Well, in view of the gutty realities at Corinth, what do you make of that? Is this just pious chatter? A softening up before he begins to lash out at them? Some commentators refuse to take it at face value. Paul must be writing with tongue in cheek or maybe he's preaching at them under the disguise of praying, a practice not uncommon today!
The clue, I suspect, is in that phrase, "God is faithful..." Paul knew that God is no sentimentalist. He wears no rose-colored glasses when God looks at the people he has called to his mission in the world down through the years. God had been faithful through century after century to the people of Israel despite their idolatries, their grumblings in the wilderness, their repeated injustice to those in need, their constant unfaithfulness. God is no sentimentalist. God knows full well the kind of material God has to work with.
Whereas we are always falling into the habit of sentimentalizing the past. As Americans, we do it all the time. As the National Commission on Causes and Prevention of Violence reports:
"...Americans have been given to a kind of historical amnesia that masks much of their turbulent past. Probably all nations share this tendency to sweeten memories of their past through collective repression, but Americans have probably magnified the process of selective recollection owing to our historic vision of ourselves as a latter day chosen people, a new Jerusalem."5
So we Americans think of ourselves as the perennial good guys, conveniently forgetting the horrors of the Civil War, the bloody draft riots of 1863, or "what we did to whole nations of Indians in the eighteenth and nineteenth centuries, or what we have been doing to black children in ghetto schools the past fifty years."6
And what we do quite naturally as Americans we also do as Christians. Yet, as Howard Moody has written: "Part of the liberating aspect of our faith is that it allows us to face our pasts as nations and as persons, to accept them and make them teach us about the present... The love of one's people, like the love of one's self, comes only after we have faced ourselves as we really are, known the misery and grandeur, the perversity and the potential, the sickness and health of our true condition."7
The incredible faithfulness of God can be understood only in the light of an utterly unsentimental view of the history of the people of God. God has the likes of us to work with. And that's all. That's all God's ever had, but God intends to make something out of this kind of raw material. God will not compromise our freedom to reject, rebel against, or distort God's will of love. So God takes God's chances. But as for God's promises, the ultimate fulfillment of Gos's will, god is incredibly faithful.
And so we take heart—despite the tongue lashing given the church at Corinth, or the bewailings and bemoanings with respect to the churches you and I know today.
This is not to say that there will be no changes in what we've got, no radical changes in the structures of the churches we know. I suspect God couldn't care less about what kind of structures we have; God is not faithful to structures, heaven knows. So maybe we'll grow out of the habit of starting churches in suburbs on the basis of building, budgets and numbers. So maybe we'll give up the nonsense of having half a dozen small, struggling churches within a couple of miles of each other in rural areas, each one trying to maintain its own minister and duplicating all its organizations and programs. I suspect (and hope) that five or ten years from now we may not be able to recognize a lot of the churches we have known so well as they alter their strategies and structures to meet a rapidly changing world.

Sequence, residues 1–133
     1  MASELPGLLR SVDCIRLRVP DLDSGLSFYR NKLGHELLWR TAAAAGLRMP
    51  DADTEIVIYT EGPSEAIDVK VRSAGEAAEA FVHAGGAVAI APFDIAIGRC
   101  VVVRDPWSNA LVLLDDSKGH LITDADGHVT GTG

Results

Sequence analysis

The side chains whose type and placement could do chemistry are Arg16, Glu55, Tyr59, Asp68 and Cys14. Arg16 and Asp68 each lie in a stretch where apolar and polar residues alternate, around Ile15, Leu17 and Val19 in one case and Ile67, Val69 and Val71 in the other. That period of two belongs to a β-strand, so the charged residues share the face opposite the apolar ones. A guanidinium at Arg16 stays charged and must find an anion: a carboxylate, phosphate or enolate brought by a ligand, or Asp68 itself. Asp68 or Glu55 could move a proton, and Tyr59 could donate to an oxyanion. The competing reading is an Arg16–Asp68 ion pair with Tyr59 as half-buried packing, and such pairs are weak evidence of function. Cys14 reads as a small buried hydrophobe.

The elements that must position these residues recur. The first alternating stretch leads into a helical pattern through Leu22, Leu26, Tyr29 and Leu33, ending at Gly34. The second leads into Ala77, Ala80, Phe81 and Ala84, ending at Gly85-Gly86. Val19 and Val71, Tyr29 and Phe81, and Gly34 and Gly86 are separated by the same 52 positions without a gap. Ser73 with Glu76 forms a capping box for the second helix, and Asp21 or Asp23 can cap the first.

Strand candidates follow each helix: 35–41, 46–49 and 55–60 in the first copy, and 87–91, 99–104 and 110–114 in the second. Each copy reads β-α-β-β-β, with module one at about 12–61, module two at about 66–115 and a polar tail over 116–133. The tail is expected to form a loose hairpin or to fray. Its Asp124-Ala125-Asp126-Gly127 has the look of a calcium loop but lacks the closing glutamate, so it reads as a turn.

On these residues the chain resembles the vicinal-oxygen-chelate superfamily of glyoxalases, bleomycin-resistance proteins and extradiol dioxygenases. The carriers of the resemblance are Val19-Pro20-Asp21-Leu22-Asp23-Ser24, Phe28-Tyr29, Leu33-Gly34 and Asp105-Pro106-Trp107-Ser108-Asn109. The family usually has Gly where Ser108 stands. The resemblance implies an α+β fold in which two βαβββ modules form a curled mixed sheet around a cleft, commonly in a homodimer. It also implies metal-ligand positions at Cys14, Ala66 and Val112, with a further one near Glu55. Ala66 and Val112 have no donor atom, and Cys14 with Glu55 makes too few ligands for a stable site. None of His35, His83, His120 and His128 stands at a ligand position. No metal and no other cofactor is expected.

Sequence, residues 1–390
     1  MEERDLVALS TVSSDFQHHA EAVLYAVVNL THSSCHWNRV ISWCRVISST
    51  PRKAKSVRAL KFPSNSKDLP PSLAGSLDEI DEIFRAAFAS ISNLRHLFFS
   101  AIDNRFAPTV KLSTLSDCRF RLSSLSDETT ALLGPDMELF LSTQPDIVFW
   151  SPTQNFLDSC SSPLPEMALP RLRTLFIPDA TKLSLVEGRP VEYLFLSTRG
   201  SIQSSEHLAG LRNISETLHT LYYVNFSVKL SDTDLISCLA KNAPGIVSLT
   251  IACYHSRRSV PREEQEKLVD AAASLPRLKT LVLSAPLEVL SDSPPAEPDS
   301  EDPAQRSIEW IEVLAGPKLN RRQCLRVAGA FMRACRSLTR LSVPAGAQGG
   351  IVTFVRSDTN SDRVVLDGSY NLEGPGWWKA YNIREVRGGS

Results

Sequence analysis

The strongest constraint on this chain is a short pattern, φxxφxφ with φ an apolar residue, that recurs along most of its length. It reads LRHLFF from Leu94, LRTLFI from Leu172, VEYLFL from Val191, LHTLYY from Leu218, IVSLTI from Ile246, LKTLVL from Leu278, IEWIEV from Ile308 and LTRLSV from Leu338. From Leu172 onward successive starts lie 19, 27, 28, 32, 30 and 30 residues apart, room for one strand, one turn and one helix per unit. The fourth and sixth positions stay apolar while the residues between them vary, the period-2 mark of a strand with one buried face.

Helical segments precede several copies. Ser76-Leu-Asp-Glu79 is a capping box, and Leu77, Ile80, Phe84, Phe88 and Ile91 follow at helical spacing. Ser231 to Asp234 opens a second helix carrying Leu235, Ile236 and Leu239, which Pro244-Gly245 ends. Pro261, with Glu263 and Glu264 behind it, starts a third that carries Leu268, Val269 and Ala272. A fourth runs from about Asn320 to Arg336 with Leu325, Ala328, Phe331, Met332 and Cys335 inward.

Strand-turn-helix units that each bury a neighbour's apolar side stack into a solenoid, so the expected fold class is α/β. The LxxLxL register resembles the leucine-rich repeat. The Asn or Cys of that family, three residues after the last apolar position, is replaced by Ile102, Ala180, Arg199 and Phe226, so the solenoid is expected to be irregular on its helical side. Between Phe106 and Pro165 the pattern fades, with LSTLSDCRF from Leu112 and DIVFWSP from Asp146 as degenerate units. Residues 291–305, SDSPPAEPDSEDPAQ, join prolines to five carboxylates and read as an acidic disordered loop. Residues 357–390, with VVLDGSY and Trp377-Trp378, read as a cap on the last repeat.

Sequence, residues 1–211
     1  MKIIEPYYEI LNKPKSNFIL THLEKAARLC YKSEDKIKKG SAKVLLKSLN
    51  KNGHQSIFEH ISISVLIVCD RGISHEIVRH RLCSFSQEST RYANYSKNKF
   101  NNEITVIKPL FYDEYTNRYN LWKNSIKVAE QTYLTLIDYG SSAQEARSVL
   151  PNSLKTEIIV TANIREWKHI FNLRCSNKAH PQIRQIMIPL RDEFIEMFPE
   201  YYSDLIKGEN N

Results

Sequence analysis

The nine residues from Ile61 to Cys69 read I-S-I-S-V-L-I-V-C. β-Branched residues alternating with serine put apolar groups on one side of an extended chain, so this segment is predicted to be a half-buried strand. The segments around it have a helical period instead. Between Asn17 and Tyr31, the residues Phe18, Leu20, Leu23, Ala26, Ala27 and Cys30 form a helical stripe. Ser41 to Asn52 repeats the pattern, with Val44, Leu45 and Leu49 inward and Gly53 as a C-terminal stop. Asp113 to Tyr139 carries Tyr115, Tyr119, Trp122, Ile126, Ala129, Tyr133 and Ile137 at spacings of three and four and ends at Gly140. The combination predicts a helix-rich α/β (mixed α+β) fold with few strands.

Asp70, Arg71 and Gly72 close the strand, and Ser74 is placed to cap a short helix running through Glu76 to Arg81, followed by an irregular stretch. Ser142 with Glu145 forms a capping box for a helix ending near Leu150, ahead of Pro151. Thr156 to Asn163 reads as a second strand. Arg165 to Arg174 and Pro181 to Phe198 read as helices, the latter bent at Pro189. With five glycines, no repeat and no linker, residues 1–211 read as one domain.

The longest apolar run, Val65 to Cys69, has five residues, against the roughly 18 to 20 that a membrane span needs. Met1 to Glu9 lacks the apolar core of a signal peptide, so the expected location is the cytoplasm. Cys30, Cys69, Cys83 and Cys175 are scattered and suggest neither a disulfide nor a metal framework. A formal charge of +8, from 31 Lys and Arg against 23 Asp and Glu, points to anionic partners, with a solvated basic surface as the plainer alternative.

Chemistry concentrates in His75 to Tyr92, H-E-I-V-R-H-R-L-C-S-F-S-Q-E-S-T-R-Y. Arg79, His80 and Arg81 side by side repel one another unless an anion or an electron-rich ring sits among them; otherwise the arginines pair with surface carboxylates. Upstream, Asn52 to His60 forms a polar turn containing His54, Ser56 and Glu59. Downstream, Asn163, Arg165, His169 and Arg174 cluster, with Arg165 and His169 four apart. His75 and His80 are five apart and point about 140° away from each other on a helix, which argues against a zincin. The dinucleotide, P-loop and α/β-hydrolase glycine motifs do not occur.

For God doesn't give a hoot about structures—the outward forms of the church with which we become so enamored. Whether we end up with residence-based parishes, experimental industrial missions, small cell groups meeting in homes, and underground church—God couldn't care less so long as God's Word is proclaimed and communicated in a community that struggles—no matter how unsuccessfully—to be faithful to His mission.
As John Hick has written: "The church (meaning by it all the Christian bodies considered together) is in a quite precise sense a necessary evil—and to that extent a good. It is an evil because the corruption of the best is the worst, and the church is the human corruption of the Kingdom of God which came on earth in the person of Jesus of Nazareth. It is because the church ought to be startlingly better that in being mediocre it is bad. But good or bad, the church was inevitable; for Jesus' message is one that draws people together."8
Today, Christians in the world will gather together about the Eucharist, the Sacrament of the Altar, that one single act which declares most emphatically what the church really is: a group of people gathered about its Lord to hear a word of judgment and of hope and to be refreshed in its struggle to be faithful to God's mission in the world. It is a celebration of God's incredible faithfulness.
So it can look back to the honeymoon of the early church and the idyllic pictures in the early chapters of the Book of Acts which judge its faithlessness, mediocrity and self-centeredness and at the same time call it to a vision of what the church might be. But it can also look back to the shoddy realities of churches like those at Laodicea and Corinth and adopt a healthy skepticism with respect to any utopian dreams for the church today. So we do not lose heart. God is faithful; God's promises are sure. And in confidence in those promises for the future of the church and of the world, we can get on about the business to which we have been called by this incredibly faithful God.
Edmund Steimle Protestant Hour-Lutheran Series
1. Acts 2:42. 2. Acts 2:44-46. 3. Acts 4:32, 34-5. !-- Generation of PM publication page 7 -->4. Rev 2-3. 5. Quoted by Howard Moody in Christianity and Crisis, July 7, 1969, p. 186. 6. Howard Moody, "A Case of Historical Amnesia," Christianity and Crisis, July 7, 1969, p. 187. 7. Ibid. 8. John Hick, Christianity at the Centre (SCM Press, 1968), p. 76.